APRA begins inquiry into CBA

APRA begins inquiry into CBA
The prudential regulator has announced an inquiry into the Commonwealth Bank which has been charged with perpetrating over 53,700 contraventions of the Anti-Money Laundering and Counter-Terrorism Financing Act 2006.

The Australian Prudential Regulation Authority said it will set up an independent panel.

It will take six months to prepare a report which will be made public.

APRA said the inquiry would identify any shortcomings in the governance, culture and accountability frameworks and practices within CBA.

It would make recommendations on how these issues should be “promptly and adequately addressed.”

“It would include, at a minimum, considering whether the group’s organisational structure, governance, financial objectives, remuneration and accountability frameworks are conflicting with sound risk management and compliance outcomes,” APRA said in its statement.

The CBA will pay the costs of the inquiry.

In a statement to the market, CBA chair Catherine Livingstone acknowledged that “events over recent years have weakened the community’s trust in us.”

“We have been working hard to strengthen trust, and will continue to do so,” Ms Livingstone said.

“We welcome this opportunity for independent parties to review the work we have already undertaken and advise on what more we can do. APRA’s oversight of this inquiry will ensure the independence and transparency needed to reassure all our stakeholders.”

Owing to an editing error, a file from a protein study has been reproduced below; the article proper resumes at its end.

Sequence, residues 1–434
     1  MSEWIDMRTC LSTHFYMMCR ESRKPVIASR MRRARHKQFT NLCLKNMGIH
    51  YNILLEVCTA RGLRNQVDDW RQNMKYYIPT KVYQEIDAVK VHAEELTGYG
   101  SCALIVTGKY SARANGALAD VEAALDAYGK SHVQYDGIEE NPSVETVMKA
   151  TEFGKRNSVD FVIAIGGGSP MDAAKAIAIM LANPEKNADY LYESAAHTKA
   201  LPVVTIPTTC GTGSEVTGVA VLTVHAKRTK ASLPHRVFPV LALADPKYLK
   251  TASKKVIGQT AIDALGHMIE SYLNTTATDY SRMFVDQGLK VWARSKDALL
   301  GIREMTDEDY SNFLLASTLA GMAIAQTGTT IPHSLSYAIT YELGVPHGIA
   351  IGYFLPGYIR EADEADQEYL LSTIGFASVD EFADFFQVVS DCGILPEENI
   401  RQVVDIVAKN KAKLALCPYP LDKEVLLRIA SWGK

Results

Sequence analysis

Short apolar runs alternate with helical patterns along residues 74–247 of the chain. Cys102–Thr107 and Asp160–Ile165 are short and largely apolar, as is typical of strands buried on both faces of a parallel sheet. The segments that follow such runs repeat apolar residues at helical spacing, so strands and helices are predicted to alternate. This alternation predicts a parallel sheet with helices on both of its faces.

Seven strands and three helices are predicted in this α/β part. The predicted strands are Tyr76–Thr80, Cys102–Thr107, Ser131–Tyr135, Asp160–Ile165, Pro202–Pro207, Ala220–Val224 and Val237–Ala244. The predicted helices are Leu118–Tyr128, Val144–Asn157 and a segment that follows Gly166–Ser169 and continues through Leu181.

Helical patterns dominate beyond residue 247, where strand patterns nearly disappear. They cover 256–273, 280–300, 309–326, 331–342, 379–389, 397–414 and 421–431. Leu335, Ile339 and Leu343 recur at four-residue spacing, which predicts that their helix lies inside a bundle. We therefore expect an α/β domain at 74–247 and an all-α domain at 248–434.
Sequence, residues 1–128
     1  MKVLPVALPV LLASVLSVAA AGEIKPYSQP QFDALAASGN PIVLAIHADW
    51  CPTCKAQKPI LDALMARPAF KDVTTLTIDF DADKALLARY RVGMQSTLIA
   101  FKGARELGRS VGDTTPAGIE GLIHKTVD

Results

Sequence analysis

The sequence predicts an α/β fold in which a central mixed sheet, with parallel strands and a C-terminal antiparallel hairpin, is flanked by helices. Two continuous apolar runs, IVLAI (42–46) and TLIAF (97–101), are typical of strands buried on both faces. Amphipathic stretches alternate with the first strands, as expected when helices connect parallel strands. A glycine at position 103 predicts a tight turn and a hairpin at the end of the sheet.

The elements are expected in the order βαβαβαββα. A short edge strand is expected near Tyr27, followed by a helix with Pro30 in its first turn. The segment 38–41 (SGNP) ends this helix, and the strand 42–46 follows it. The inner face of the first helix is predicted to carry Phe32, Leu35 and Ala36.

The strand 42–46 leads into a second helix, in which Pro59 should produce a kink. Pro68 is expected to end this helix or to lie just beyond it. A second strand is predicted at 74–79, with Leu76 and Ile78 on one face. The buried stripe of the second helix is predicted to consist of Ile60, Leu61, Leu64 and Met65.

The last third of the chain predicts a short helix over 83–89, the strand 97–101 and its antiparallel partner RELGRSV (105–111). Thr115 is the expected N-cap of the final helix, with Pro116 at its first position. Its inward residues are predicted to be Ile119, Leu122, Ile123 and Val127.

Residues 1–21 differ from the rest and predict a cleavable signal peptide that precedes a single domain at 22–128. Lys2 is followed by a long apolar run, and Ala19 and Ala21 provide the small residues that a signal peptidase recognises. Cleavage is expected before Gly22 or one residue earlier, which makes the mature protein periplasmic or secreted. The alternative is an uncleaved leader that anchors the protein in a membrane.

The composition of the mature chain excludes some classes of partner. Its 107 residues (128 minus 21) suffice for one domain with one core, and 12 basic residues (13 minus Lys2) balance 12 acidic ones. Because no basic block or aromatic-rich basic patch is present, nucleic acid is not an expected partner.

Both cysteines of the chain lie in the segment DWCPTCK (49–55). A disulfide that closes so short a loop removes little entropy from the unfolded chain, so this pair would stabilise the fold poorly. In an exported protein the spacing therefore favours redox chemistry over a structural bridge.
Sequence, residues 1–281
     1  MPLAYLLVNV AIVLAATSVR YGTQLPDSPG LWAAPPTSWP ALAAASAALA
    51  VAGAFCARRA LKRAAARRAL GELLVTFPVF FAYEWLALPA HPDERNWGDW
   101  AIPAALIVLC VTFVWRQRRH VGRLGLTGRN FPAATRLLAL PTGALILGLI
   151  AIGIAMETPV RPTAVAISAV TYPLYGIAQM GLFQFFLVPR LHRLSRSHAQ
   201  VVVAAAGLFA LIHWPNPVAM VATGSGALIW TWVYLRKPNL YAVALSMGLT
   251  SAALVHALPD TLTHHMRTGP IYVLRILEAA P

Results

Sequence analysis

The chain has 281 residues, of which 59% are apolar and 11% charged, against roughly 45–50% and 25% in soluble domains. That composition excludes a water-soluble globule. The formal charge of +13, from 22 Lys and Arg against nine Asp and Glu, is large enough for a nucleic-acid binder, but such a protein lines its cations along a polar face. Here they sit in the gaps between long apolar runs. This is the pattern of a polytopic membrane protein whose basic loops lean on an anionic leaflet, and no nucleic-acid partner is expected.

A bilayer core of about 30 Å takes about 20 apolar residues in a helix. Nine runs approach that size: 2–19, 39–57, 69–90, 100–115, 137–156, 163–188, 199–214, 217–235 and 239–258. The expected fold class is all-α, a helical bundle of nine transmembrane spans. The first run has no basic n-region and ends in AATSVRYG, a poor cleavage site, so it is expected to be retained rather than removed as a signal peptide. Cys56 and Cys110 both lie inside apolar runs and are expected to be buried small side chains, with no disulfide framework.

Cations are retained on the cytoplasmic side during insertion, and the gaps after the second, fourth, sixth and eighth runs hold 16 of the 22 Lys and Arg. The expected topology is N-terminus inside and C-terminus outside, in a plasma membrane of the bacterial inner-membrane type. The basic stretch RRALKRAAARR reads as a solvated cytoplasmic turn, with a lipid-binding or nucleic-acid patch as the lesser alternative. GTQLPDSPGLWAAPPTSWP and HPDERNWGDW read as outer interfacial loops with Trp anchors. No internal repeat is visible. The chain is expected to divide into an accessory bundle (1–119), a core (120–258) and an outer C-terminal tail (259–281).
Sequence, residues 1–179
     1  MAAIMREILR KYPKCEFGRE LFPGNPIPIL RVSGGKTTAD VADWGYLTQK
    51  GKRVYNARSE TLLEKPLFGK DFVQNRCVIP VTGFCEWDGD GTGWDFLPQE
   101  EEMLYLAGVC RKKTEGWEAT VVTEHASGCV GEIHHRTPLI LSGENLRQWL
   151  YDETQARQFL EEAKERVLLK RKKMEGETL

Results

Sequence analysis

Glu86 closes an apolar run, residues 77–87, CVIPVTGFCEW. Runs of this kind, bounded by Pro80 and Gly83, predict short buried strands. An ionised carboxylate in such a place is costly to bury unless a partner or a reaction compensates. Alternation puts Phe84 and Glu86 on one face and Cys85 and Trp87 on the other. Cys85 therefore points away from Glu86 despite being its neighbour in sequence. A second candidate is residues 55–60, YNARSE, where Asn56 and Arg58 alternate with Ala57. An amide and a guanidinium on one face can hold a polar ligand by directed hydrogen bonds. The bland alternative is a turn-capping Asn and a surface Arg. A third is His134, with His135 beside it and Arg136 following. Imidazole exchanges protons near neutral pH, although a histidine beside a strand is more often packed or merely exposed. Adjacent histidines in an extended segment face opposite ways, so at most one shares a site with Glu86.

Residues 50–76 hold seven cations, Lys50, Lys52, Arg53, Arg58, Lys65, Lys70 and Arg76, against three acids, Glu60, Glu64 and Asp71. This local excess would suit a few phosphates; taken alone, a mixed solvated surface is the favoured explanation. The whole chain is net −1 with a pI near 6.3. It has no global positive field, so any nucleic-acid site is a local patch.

Ratings agency S&P Global said the review might have an impact on the CBA’s ratings.

“We consider that the bank’s credit profile is likely to weaken if there were any material adverse findings by this inquiry or any financial penalties, potential material damage to the bank’s reputation and franchise, or any indications of weaknesses in its governance and risk management framework,” S&P Global said.

“These pressures on the ratings on CBA are in addition to those incorporated in the negative outlook on CBA and other major Australian banks reflecting our view of a potential reduction in the Australian government’s support for the systemically important banks.”


An award winning author and journalist, commentator, lecturer, and speaker, Leon is a freelance business journalist who covers a range of areas including politics, strategy, globalization, leadership and all the big trends ahead. His main skill is summing up all the news that’s around. For the last 30 years, his main focus has been on management issues. He also produces two podcasts for RMIT University, Talking Business and Talking Technology. Leon has worked for Fairfax, News Limited, AAP and the Herald and Weekly Times.

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